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"it became clear that there was a need for developers at the intersection of art and design to tackle this problem"

Arent those... level designers?

Cary Chichester
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" in the fact that the developers didn't realize how long the game they were making would take gamers to complete, and they continued to pad it out."

I think they were well aware, they pretty much advertised it. Miyamoto said his playtime was over 100 hours in the game ( I think Reggie said something similar), and they spoke about how the amount of content was "colossal" and more than any other previous game. Had the game been as fun as they envisioned, that length would probably not have been seen as that much of a detriment.

Faith Sarlo
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A hundred hours? How is that even possible? it took me 50 hours at the most. I thought it was one of the easist Zelda games, Fi told me everything even though it was obvious.

Jonathan Jou
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I think there aren't enough articles that go through the game and talk about everything Skyward Sword does right. It's probably a harder article to write, since the areas are undeniably repetitive and the tasks are not well motivated, but I've seen enough of the negative reviews to see where the game sours for those who didn't find the swordplay to be exciting enough.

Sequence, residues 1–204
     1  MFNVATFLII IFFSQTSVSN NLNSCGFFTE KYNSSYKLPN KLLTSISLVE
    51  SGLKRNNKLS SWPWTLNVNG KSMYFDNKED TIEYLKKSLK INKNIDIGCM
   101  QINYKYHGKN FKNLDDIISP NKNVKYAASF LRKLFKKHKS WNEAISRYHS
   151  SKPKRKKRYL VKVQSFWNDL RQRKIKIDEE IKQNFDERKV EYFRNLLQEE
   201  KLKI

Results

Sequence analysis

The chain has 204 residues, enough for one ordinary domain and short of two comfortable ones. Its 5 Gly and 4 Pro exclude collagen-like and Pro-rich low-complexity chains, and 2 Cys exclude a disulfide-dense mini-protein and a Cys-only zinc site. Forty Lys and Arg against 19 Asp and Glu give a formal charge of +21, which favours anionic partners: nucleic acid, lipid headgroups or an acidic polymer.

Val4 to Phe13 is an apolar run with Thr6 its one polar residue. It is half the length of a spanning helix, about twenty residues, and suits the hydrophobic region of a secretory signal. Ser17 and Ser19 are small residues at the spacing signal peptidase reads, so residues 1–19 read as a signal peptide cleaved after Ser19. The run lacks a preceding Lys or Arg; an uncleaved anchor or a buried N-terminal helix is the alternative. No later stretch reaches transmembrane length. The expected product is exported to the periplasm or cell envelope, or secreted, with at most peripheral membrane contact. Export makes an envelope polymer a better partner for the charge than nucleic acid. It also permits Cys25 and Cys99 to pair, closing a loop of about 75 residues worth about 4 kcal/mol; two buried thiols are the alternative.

I also think it's disingenuous whenever game journalism finds itself trying to tap into the minds of the developer--it's rather belittling as a programmer to hear a journalist make uninformed generalizations about the development process of a game without actual evidence. I don't think any developer actively decides to try and make their game longer than it needs to be, and I'm not sure journalists should feel so comfortable speaking from a developer's perspective.

I completely agree that the game exposes the mechanical nature of a Zelda game: fetch quest, dungeon, boss fight, repeat. On the other hand, all games are repetitive, because that's what any game that's not Calvinball is about. So as Cary says, the problem isn't that the game was "padded," because I'm convinced that at no point did Nintendo play the game, conclude it was "too fun," and decide to "pad" it. Instead, the core actions simply weren't enough to sustain the length of the game.

Which is probably true. Zelda games have never really been about a central game mechanic and for the Zelda team to base their game off of the admittedly impressive sword fighting may have been a bigger gamble than they anticipated.

Joe McGinn
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Good analysis, I love Zelda games but the pacing problems killed this one for me.

Bart Heijltjes
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So what exactly about this game's 93 on metacritic from professional reviewers warrants 'sweeping changes' to its structure and content? (next to numerous claims of 'best Zelda ever'!)

I don't really see how you can extrapolate from a quote of Peter Molyneux to Zelda's design process... that just seems like wild guessing to me.